You can say that in Italian with no ambiguity:
Preferisco quello nero = I prefer the black one.
Preferisco quel nero = I prefer that (shade of) black.
When you use "nero" as a noun, its article is "il", so you have "quel" and not "quello".
See "GIVE LINGOT" next to "REPLY" (which I am using)? Click on it and try.
so then it's not possible (or just not done) to use "black" alone as a color? the italian would have to state explicitly "the color black"?
Surely it's the same in english? To say "the black" isn't proper english, nor does it make any sense. When referring to the color, you've got to say "the color black"
In the US one might use "the black", depending on context. For example: "Would you like to ride the roan horse or the black? I prefer the black." Some times the "one" is understood by the context. Duolingo is assuming a context that is not provided.
You might also say "I prefer that black" if there are a selection of tones/textures of black.
An American would also say "I prefer that black" when presented with a choice of different shades of black.
A British person would also say "I prefer the black" in the context of choosing colours
You might well say I like that green, that red or that black. Or just that black. I spend my time with a woman who likes a lot of advice on clothes. :-)
if i go clothes shopping, its quite common for me to ask who i'm with (for example) "Do you like (this dress in) the black or (in) the blue?"
Also. you might say "i prefer THAT black. (although if its much lighter than black it's grey, so it's probably more likely to say it with "that blue" for example.)
In this sentence "quello/a/i/e" is a pronoun (used only without a noun) meaning "that one/those ones". When used as an adjective (only before a noun phrase) it behaves just like the definite articles: quel/quello/quell'/quella/quei/quegli/quelle. So if an adjective was required in this sentence (before a "pure" consonant as in "nero"), it would have been quel:
- Preferisco quel nero (adjective + noun) = I prefer that black
- Preferisco quello nero (pronoun + adjective) = I prefer that black one
Thus, even if "I prefer that black" is grammatically correct, it is not a correct translation of "Preferisco quello nero".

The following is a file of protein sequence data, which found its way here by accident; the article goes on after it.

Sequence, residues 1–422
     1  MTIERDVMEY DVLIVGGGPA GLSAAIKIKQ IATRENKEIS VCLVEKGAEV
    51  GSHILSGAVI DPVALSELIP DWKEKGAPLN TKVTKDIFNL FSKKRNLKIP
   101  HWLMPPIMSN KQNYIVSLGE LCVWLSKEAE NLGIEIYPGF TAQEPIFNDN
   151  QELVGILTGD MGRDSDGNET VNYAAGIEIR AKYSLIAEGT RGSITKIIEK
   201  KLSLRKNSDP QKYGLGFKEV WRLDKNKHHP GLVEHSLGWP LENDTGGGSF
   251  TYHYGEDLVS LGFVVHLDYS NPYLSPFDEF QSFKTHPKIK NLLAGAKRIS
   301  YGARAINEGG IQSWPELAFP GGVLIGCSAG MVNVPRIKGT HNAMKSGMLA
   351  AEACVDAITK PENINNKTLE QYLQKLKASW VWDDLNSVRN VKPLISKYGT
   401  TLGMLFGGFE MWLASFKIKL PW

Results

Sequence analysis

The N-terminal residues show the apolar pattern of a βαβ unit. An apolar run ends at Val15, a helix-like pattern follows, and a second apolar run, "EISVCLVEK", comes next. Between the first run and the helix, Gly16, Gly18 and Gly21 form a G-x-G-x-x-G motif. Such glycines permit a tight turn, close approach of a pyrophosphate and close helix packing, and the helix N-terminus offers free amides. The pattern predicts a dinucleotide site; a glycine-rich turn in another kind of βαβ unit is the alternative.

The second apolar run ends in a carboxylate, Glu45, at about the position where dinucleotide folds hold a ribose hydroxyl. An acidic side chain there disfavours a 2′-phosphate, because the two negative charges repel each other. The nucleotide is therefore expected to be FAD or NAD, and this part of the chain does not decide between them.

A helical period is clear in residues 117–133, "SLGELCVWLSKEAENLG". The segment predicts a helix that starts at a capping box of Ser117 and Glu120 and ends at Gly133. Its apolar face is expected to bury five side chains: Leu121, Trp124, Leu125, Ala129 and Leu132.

How do we surmise that they're referring to 'one'? I read that as 'I prefer black'. Can anyone shed any light on this?
According to 'Collins easy learning Italian Grammar': "When you want to say 'this one', don't translate 'one'. Use questo if what you're referring to is masculine, and questa if it's feminine. The same goes when you want to say 'that one': use quello, or quella.
That to me sounds unidiomatic. I'd say either 'I prefer that black one' or 'I prefer THE black (one)'.
Quello is the full form of the word, but it changes like the definite article according to the noun that follows it (see http://italian.about.com/library/fare/blfare112a.htm for some examples). So, if quello modifies a noun that starts with a consonant other than an impure s or z, it changes to quel (i.e. "quel ragazzo").
Since quello precedes a noun that starts with st, z, etc (like "lo" does), I was surprised too that this phrase uses quello and not quel. But I did a Google search for this sentence and found plenty of examples. My best guess (and I'm not an expert at all) is that in this sentence quello isn't modifying nero, because nero isn't a noun. Really, quello translates to "that one" rather than "that" when it stands all by itself and doesn't modify anything, so it just remains in its full form. That's my best guess, anyway.
Why isn't "I prefer that black" accepted? When choosing shades of color this sentence is acceptable in English.
Don't offer fascist as a translation if you don't want me to use it duolingo
It comes into the translation with the use of 'quello' since it is not modifying a noun starting with s, gn, pn, x, or z.
Quello nero = that black one / Quel nero = that black
Why is it not 'I prefer this black one' (English is not my first language, but I thought I knew the difference between this/that, and in this case, why is it always translated with 'that'? We don't have context to know whether they point to a dress close to us, or further away?)
I prefer that black(one) . I do not know why Duolingo says it is wrong . You can add one and omit it .
That's not correct English I'm afraid. You would say "I'd rather have that black one" but that is not actually a valid translation of the Italian above though the meaning is roughly the same.
to fault my "I prefer that black", is to seek the perfect English. but this is Italian lesson, and while my English is obviously clumsy it transliterates EXACTLY the Italian original sentence. as I said on a previous occasion, don't mount the high horse correcting the English if you don't want your often far from perfect English translations to be questioned.